The Passionate Few

FROM Literary Taste and How to Form It by Arnold Bennett

Why does the great and universal fame of classical authors continue? The answer is that the fame of classical authors is entirely independent of the majority. Do you suppose that if the fame of Shakespeare depended on the man in the street it would survive afortnight? The fame of classical authors is originally made, and it is maintained, by a passionate few. Even when a first-class author has enjoyed immense success during his lifetime, the majority have never appreciated him so sincerely as they have appreciated second-rate men. He has always been reinforced by the ardor of the passionate few. And in the case of an author who has emerged into glory after his death, the happy sequel has been due solely to the obstinate perseverance of the few. They could not leave him alone; they would not. They kept on savoring him, and talking about him, and buying him, and they generally behaved with such eager zeal, and they were so authoritative and sure of themselves, that at last the majority grew accustomed to the sound of his name and placidly agreed to the proposition that he was a genius; the majority did not care very much either way.

And it is by the passionate few that the renown of genius is kept alive from one generation to another. These few are always at work. They are always rediscovering genius. Their curiosity and enthusiasm are exhaustless, so that there is little chance of genius being ignored. And, moreover, they are always working either for or against the verdicts of the majority. The majority can make a reputation, but it is too careless to maintain it. If, by accident, the passionate few agree with the majority in a particular instance, they will frequently remind the majority that such and such a reputation has been made, and the majority will idly concur: “Ah, yes. By the way, we must not forget that such and such a reputation exists.” Without that persistent memory-jogging the reputation would quickly fall into the oblivion which is death. The passionate few only have their way by reason of the fact that they are genuinely interested in literature, that literature matters to them. They conquer by their obstinacy alone, by their eternal repetition of the same statements. Do you suppose they could prove to the man in the street that Shakespeare was a great artist? The said man would not even understand the terms they employed. But when he is told ten thousand times, and generation after generation, that ” Shakespeare was a great artist, the said man believes—not by reason, but by I faith. And he, too, repeats that Shakespeare was a great artist, and he buys the complete works of Shakespeare and puts them on his shelves, and he goes to , see the marvelous stage effects which accompany King Lear or Hamlet, and comes back religiously convinced that Shakespeare was a great artist. All because the passionate few could not keep their admiration of Shakespeare to themselves. This is not cynicism; but truth. And it is important that those who wish to form their literary taste should grasp it.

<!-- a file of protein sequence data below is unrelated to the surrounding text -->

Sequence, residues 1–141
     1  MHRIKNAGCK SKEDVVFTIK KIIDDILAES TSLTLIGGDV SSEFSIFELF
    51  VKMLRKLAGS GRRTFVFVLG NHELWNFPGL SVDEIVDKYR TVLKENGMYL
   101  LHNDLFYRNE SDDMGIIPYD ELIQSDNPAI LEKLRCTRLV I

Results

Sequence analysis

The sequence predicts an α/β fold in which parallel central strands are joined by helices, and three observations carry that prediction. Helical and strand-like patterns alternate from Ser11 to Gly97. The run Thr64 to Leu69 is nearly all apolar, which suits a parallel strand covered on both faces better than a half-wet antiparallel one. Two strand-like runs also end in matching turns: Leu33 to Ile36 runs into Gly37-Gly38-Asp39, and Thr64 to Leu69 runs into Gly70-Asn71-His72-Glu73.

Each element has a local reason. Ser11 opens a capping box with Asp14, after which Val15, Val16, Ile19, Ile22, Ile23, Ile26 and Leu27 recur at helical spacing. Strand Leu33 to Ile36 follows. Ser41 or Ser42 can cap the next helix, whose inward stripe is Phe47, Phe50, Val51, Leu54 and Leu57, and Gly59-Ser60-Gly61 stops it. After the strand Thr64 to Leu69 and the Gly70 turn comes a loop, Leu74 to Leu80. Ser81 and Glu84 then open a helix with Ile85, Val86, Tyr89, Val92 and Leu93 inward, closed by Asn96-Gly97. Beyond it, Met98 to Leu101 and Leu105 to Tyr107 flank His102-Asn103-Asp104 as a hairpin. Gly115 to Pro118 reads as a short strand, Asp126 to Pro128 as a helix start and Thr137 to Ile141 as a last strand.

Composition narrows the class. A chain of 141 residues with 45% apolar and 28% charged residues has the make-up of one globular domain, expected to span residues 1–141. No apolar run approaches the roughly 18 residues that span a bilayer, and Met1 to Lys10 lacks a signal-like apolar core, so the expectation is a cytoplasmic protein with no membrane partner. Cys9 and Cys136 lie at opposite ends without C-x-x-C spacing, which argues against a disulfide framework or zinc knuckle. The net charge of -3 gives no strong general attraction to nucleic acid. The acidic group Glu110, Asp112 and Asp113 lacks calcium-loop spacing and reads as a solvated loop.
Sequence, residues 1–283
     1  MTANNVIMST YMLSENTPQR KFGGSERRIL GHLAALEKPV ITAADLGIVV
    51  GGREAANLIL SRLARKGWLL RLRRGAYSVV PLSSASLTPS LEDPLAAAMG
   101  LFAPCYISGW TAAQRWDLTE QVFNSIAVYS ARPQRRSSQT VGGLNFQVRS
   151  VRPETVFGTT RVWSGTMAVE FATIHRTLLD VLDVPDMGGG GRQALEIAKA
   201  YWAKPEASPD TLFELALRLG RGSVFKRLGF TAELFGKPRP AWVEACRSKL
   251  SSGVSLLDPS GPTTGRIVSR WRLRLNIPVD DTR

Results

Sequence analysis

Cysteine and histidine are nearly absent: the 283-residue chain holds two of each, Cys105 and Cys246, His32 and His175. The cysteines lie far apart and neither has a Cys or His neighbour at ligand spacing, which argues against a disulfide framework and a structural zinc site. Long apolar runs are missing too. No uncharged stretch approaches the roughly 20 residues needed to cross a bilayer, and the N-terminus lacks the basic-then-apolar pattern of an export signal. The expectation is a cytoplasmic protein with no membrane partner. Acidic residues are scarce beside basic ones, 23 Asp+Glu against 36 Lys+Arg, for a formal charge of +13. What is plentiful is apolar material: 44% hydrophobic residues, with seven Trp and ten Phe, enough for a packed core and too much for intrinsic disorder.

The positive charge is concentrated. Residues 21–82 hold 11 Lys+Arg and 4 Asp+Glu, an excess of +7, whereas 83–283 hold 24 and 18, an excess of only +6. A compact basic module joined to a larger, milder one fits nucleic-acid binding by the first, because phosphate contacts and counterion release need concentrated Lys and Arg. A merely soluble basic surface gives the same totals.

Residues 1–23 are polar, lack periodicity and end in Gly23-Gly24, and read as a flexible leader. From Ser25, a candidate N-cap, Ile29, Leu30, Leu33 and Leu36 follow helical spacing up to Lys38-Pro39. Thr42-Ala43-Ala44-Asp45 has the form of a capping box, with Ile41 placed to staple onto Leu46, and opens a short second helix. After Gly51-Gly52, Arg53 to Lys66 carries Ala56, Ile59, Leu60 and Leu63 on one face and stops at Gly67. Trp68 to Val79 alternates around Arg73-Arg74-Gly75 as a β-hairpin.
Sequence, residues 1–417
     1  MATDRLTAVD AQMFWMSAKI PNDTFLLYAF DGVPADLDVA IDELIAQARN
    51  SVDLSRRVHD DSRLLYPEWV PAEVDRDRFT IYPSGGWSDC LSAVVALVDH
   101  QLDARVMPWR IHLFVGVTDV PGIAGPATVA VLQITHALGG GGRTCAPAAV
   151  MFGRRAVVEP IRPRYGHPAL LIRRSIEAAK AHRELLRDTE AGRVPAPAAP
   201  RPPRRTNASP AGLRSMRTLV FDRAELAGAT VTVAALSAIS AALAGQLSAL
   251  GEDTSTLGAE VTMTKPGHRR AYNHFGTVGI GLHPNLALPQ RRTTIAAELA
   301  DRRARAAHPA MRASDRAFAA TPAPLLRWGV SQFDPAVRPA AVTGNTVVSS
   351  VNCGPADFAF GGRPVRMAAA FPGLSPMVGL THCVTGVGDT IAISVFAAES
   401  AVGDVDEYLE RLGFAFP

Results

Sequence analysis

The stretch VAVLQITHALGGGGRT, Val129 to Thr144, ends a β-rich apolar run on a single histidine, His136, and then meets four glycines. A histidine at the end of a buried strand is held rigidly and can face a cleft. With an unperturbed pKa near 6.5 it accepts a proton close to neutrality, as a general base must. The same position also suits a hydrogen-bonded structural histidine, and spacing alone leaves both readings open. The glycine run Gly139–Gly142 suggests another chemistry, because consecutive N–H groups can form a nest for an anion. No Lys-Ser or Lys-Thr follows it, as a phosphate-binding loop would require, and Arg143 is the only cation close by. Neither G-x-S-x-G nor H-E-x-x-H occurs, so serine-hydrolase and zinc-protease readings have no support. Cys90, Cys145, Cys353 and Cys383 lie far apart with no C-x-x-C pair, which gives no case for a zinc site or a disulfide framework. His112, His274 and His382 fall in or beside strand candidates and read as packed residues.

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Published in: on December 26, 2009 at 9:48 AM  Leave a Comment  
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